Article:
NORMAN — In case you missed it, there were two movies about superheroes on at the Warren Theater recently in Moore.
I’m not sure how well “The Amazing Spider Man 2” and “Captain America: The Winter Solider” did at the box office, I’m sure they did quite well considering the reviews I heard from my 14 year old niece. But in my opinion, on Tuesday morning only a few steps away from the Warren, sat the real heroes. They didn’t have their faces on a big screen and they haven’t been paid millions of dollars. Their superhero capes were invisible, too. They are survivors. They are parents and families who lost loved ones. They are the first responders, city officials and just concerned citizens that leaped tall buildings in a single bound on May 20, 2013.
Tuesday morning as I was sitting at the Moore Medical Center remembrance and groundbreaking ceremony I looked around. The grounds of MMC were covered with people who just generally cared about Moore. One lady sat next to me and told me that she lost her house a year ago. Tough news to swallow on a first meeting. But, she had help. She had a superhero in her life that got her a new home, another rental house, and life, even though it was a little more difficult, was moving on.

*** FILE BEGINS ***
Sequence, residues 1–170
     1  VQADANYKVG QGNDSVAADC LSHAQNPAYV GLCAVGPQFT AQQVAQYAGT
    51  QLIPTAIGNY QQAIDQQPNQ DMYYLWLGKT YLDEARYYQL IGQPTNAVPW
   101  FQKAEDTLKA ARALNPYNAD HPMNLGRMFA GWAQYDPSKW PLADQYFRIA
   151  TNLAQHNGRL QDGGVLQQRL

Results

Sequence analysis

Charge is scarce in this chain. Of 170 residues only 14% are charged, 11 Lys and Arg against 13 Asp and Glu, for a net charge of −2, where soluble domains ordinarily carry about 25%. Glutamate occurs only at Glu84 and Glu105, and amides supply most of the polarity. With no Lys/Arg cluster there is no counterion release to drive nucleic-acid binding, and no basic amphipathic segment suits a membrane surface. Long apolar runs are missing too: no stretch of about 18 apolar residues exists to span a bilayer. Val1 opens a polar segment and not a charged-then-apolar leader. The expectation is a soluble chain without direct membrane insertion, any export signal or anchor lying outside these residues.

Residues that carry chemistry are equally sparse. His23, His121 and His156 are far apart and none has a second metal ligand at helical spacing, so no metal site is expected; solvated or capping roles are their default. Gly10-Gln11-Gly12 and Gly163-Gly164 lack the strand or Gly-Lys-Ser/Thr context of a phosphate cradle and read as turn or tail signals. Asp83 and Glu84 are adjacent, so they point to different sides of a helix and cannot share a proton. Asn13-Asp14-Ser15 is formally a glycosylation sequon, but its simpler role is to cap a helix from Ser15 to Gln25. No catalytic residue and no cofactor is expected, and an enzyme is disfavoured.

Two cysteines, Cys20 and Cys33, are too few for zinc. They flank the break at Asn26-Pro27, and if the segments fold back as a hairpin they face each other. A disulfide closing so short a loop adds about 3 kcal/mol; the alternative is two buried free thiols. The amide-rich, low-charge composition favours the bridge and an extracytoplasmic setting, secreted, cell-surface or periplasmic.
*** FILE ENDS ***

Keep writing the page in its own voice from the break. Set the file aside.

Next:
She also told of her granddaughter who was at Plaza Towers. Since May 20, the granddaughter has suffered Post Traumatic Stress Disorder. Simple rain storms or loud noises, understandably, can set her off into a crying frenzy. It reminded me that some of our biggest superheroes on May 20 were some of the community’s smallest residents.
I’ve heard other stories, too. For me, it has been part of the healing. One business woman who rode the storm out at her office told me that for weeks after the tornado, she picked debris out of her toenails. She now packs another pair of shoes with her during the storm season. Her coworker leaves a bag at her desk now that has boots in it. Just in case. They both learned a lesson that fateful day — sandals and flip flops are not your best friend when traipsing through the muck after a tornado.